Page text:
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How many people can say that their lives were changed by a swimming pool?

A few Olympic swimmers? The participants in a strange water-based romance?

Not many artists, I imagine – but for Damian Callan a visit to Leith’s Waterworld proved transformational. It was there, while he was supervising special needs adults, that he saw people moving through waves and realised that movement was precisely what his paintings lacked.  He had come to art late, not beginning his studies at Edinburgh College of Art until the age of thirty, but he was never completely happy with his work;

‘I was producing lots of poor paintings. I tidied them up and painted them to death.’

Watching the swimmers was, he says, his breakthrough moment;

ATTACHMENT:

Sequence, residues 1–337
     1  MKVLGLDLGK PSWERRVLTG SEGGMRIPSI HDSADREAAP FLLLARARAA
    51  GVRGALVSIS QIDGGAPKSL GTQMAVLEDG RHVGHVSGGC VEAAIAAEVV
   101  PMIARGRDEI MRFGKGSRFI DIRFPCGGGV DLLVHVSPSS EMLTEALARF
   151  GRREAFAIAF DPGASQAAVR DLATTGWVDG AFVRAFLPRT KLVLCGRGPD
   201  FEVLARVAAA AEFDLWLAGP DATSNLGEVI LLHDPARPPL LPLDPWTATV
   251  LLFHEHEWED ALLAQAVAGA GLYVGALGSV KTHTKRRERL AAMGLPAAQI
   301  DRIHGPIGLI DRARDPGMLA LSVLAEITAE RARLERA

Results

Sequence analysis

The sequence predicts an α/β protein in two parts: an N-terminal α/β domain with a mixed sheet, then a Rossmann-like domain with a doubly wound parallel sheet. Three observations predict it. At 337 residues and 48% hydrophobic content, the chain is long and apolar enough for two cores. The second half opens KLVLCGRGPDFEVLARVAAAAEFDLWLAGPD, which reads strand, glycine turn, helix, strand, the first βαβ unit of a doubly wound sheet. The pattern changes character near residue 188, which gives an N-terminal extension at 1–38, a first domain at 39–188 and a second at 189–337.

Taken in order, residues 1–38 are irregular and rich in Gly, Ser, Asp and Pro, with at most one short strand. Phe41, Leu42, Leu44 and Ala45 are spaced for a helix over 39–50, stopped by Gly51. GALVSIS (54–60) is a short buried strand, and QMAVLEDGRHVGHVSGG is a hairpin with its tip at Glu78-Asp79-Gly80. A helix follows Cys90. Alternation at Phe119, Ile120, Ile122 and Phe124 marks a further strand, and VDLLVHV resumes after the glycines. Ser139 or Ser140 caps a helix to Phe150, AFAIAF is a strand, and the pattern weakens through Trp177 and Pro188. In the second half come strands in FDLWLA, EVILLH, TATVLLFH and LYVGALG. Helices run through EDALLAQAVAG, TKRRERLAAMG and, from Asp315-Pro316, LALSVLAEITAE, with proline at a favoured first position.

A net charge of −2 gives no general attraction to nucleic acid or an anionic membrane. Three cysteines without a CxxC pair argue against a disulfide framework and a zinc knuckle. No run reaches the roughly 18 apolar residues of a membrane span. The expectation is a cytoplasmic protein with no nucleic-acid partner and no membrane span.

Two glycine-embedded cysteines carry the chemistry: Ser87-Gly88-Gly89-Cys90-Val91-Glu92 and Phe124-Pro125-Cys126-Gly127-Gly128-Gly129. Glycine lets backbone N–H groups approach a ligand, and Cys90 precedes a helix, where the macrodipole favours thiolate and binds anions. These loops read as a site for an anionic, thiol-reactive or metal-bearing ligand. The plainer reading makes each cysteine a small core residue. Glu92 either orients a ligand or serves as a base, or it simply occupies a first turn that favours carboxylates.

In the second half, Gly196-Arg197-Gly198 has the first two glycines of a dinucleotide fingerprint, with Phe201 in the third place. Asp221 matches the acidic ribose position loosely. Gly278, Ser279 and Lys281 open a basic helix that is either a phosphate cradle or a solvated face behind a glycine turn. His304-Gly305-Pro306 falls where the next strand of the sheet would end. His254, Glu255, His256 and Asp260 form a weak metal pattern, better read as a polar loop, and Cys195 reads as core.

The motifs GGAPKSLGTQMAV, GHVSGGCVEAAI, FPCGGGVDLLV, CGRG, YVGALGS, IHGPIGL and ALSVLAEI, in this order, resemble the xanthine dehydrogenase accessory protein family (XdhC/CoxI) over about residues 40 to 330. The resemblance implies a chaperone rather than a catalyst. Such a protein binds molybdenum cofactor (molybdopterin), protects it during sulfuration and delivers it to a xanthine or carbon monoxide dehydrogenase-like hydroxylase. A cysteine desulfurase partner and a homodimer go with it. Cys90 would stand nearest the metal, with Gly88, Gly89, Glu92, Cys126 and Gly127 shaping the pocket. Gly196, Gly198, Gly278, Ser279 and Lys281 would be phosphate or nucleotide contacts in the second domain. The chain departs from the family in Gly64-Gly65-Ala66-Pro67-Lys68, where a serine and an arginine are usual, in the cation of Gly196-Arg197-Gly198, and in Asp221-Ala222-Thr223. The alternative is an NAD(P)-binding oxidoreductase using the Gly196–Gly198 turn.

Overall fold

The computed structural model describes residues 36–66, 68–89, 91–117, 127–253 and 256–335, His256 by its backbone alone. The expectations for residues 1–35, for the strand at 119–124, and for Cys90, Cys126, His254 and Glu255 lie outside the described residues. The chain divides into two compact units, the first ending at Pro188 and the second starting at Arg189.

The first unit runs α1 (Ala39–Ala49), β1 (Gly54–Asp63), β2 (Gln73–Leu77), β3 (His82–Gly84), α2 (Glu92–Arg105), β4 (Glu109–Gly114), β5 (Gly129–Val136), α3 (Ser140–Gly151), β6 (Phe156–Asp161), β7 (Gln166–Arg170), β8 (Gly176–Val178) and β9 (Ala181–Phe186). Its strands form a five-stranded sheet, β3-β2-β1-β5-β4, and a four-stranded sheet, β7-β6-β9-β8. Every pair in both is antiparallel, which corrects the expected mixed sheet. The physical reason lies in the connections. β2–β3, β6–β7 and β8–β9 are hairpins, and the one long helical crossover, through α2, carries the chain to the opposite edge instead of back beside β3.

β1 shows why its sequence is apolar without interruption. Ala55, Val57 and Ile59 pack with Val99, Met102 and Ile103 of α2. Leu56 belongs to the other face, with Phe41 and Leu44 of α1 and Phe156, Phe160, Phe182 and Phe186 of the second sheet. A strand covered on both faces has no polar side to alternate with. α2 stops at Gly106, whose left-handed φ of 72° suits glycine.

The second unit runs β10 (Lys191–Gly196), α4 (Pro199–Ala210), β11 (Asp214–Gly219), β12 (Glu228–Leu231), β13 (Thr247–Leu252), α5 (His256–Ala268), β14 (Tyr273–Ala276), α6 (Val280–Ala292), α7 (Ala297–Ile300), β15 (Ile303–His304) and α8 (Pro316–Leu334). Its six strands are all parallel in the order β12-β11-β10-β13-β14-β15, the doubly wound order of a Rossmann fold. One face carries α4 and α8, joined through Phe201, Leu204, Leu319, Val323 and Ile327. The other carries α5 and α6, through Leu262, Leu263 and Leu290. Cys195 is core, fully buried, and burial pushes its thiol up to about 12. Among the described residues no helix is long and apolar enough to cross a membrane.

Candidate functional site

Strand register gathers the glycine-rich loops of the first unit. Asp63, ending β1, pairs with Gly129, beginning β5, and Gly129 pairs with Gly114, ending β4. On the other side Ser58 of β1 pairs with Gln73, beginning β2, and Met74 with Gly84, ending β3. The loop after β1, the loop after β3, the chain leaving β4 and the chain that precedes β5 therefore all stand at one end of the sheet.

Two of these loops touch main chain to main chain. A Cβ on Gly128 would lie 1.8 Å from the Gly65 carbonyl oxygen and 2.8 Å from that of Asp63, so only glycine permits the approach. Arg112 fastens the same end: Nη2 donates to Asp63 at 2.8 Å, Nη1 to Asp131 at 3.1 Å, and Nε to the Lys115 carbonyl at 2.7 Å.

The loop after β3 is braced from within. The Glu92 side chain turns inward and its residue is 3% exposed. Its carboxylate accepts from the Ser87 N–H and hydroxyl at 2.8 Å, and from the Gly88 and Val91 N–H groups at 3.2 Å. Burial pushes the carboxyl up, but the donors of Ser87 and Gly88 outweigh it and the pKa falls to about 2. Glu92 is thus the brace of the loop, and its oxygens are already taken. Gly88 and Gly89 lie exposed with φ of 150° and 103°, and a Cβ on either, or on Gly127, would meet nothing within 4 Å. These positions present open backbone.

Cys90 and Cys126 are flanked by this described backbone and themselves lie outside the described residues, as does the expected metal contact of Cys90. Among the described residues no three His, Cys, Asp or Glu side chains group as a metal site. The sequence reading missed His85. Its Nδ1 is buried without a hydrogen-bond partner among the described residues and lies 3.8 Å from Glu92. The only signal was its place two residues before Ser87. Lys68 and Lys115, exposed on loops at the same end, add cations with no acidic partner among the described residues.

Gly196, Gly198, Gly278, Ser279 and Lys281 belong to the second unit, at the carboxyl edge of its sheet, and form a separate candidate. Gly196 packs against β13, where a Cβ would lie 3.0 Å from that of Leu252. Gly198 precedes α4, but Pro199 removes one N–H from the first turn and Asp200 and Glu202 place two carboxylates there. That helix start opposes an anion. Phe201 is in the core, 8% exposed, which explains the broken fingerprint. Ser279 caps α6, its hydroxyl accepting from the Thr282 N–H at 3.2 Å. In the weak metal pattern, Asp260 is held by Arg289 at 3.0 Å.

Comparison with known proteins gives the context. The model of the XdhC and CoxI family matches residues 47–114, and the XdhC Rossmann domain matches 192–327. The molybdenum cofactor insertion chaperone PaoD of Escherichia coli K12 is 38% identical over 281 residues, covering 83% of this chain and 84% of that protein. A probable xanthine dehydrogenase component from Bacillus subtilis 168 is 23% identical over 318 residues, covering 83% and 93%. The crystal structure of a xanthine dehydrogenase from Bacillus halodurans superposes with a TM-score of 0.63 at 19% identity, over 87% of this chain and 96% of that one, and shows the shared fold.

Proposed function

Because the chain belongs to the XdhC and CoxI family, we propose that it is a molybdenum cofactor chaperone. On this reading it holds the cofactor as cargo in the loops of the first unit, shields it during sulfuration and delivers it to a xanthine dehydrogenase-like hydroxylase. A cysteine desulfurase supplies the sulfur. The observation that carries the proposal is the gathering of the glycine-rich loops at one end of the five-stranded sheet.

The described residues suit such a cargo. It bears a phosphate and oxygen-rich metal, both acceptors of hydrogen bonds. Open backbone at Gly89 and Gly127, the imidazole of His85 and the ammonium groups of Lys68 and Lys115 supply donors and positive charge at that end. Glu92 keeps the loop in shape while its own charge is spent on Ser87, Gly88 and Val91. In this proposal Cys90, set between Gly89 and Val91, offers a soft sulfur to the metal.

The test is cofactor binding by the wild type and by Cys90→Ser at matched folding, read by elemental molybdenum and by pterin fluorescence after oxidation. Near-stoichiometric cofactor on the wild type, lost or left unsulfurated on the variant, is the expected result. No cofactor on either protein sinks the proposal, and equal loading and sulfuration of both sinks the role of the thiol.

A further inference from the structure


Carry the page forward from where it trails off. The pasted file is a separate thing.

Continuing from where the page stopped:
‘It undid all the things I tended to do – things that lost the vitality in the work.’

He started to paint more swimmers, gymnasts, other sports figures.  By then his children had arrived, and he realised they were his ideal models.

‘I was painting the life I was leading, a very beautiful life.’

Concentrating especially on scenes from family holidays on the west coast, Damian has now produced numerous studies of the children and their friends swimming, playing on the sand, fishing, boating and generally enjoying the freedom that summer brings. A new exhibition Moving Images at UNIONgallery brings together a wonderful selection of his work.

In Stormy Sea, figures jump the waves, one girl turning sideways, her hair flying in the wind. The surge of the sea – white foam on turquoise waters – is palpable. Big Wave shows two boys, one turning back to the shore, the other holding his arms wide as if to embrace the incoming water, while in Bigger Wave children run into the water as it rushes towards them, every movement full of energy and youth. Hebridean Paddle is, as its title suggests, more tranquil; the lovely rounded figure of a woman holds a young boy’s hand as they step together into a sea of slate grey.